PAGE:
Our recent 8-part series on influencer marketing explained the concept and key tactics. In this post, I’ll cite examples of brands that have used influencer marketing to sell products and services.
Daniel Wellington is a Sweden-based online watch retailer. According to Bloomberg, the company avoided typical marketing channels and instead focused on collaborating with micro-influencers on Instagram. The company offered influencers free products, not money. The strategy worked. Having launched in 2011 with just $15,000, Daniel Wellington now earns roughly $200 million in revenue.
• Why it worked: Consumers trust smaller influencers for their authenticity. Daniel Wellington succeeded because of word-of-mouth advertising and the social proof provided by the micro-influencers. Both are critical aspects of social media marketing, and both power the company’s social strategy even today with campaigns such as campus influencers that target its core younger demographic.
Another watch brand, U.S.-based MVMT, relied on mid-tier Instagram influencers in the fashion and lifestyle industry to build brand awareness and trust. Partnering with marketing agency Mediakix, MVMT created the #jointhemvmt hashtag and launched the campaign with 62 influencers ranging from 30,000 to 500,000 followers. Mediakix said this resulted in 100,000 likes, 2,800 comments, and an overall engagement rate of 6%.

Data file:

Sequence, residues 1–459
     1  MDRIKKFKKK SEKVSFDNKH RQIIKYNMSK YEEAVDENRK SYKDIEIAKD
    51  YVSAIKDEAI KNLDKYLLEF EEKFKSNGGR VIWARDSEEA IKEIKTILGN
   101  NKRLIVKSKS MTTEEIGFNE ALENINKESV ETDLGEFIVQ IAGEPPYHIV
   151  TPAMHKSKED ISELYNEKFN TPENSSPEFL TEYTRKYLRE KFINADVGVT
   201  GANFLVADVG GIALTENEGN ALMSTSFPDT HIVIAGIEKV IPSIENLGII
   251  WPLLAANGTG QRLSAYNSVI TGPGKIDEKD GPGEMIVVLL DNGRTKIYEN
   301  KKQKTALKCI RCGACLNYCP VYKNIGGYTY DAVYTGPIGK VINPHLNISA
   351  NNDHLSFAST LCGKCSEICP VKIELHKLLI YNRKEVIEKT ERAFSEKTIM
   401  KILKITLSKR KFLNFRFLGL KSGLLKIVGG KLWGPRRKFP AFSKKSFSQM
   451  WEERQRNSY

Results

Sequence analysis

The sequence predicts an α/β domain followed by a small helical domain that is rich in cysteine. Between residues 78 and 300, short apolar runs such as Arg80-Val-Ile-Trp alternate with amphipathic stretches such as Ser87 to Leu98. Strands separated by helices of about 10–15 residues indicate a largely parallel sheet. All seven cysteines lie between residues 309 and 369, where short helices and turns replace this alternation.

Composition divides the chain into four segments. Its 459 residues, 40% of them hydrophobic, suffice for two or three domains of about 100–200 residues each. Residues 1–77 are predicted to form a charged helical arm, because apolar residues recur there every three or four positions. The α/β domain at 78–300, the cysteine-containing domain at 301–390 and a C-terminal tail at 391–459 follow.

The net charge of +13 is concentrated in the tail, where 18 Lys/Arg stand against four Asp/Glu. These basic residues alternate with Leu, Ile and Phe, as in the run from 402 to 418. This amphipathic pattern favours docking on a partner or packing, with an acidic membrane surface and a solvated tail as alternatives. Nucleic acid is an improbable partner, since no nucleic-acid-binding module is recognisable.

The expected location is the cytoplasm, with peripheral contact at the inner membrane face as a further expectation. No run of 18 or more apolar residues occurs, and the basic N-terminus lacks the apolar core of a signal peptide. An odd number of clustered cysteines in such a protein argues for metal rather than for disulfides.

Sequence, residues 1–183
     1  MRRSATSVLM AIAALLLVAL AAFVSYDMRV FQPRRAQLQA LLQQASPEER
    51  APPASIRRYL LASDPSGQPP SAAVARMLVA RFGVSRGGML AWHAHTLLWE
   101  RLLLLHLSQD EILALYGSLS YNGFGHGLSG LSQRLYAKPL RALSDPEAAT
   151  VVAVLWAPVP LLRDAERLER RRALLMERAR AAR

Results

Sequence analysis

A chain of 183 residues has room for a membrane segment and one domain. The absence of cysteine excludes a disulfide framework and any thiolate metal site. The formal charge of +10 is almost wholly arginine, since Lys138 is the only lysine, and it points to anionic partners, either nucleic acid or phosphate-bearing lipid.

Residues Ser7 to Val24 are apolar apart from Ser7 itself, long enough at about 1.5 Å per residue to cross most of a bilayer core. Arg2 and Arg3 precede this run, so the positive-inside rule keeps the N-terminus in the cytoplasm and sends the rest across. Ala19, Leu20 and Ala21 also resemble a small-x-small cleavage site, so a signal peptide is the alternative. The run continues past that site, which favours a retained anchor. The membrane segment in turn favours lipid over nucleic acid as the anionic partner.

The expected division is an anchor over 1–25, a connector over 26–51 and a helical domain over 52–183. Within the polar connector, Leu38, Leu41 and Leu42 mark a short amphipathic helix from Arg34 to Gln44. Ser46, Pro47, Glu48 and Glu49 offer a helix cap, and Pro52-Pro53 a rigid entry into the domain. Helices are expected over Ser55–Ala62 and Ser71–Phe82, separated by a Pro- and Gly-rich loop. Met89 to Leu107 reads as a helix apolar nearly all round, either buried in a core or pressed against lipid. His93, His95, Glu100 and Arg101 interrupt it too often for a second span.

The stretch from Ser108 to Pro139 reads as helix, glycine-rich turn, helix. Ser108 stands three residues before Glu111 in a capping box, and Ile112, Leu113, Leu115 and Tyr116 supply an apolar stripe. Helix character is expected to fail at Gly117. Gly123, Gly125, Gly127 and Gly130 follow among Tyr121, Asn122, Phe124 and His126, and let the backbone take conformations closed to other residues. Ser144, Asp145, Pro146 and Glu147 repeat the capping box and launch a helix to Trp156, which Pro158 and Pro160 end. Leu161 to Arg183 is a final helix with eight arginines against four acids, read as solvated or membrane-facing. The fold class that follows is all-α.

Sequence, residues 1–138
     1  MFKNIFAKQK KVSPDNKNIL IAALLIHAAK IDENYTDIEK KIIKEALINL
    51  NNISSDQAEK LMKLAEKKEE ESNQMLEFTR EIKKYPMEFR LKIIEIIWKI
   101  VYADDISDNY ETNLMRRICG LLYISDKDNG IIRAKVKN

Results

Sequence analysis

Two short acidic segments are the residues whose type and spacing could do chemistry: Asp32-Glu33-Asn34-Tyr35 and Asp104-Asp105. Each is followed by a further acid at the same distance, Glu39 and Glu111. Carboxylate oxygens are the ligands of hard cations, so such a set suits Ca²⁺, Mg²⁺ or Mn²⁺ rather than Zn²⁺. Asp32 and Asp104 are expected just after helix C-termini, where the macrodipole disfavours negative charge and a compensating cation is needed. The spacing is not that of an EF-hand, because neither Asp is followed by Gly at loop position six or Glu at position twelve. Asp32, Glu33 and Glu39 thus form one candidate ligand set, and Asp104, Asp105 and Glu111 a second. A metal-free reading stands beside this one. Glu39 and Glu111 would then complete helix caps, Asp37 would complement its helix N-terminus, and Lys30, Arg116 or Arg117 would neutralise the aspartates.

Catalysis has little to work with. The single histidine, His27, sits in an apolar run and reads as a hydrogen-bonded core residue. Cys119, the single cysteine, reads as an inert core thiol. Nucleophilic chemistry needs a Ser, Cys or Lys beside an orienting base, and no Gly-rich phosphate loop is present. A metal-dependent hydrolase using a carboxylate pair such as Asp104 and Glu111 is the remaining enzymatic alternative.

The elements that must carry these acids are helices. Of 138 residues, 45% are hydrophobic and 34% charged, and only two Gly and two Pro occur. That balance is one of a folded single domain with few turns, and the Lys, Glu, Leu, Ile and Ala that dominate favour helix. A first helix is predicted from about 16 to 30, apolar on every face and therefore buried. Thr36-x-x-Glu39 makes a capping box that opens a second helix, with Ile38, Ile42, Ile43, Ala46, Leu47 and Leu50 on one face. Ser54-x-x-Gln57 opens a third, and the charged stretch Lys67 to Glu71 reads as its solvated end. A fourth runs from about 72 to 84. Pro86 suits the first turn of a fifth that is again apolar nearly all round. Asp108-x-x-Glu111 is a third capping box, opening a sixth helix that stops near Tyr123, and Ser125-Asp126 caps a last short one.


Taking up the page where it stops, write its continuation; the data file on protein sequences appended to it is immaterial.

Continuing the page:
• Why it worked: MVMT’s marketing team found influencers who created beautiful content that drew attention to the product and had the right audience demographics. Consider this when building your own influencer campaign. Choosing the right people is as important as the right audience.
Leesa proves that not all influencer campaigns must be on Facebook, Instagram, or TikTok. This U.S. luxury mattress brand sells mainly via its ecommerce site. Instead of relying on individuals, Leesa has focused on notable blogs such as Mattress Clarity and Sleepopolis that provide unbiased reviews and earn affiliate commissions when driving sales. Consumers trust the blogs, which have generated over 100,000 clicks to Leesa’s site.
• Why it works: Selling mattresses without a physical showroom is difficult if shoppers don’t know the brand. Partnering with reputable blogs helped Leesa build trust and engage customers in an authentic, non-biased way.
California-based Loot Crate is a pop-culture subscription service that provides users with monthly packages that include exclusive content, action figures, and product gear. The company focused its marketing efforts on top-tier YouTube pop-culture and gaming channels such as PewDiePie and Jacksfilms. From 2012 to 2016, Loot Crate attracted 650,000 subscribers. Much of that growth was influencer partnerships.
• Why it works: Loot Crate focused on understanding its audience and partnering with relevant influencers to drive paid subscribers.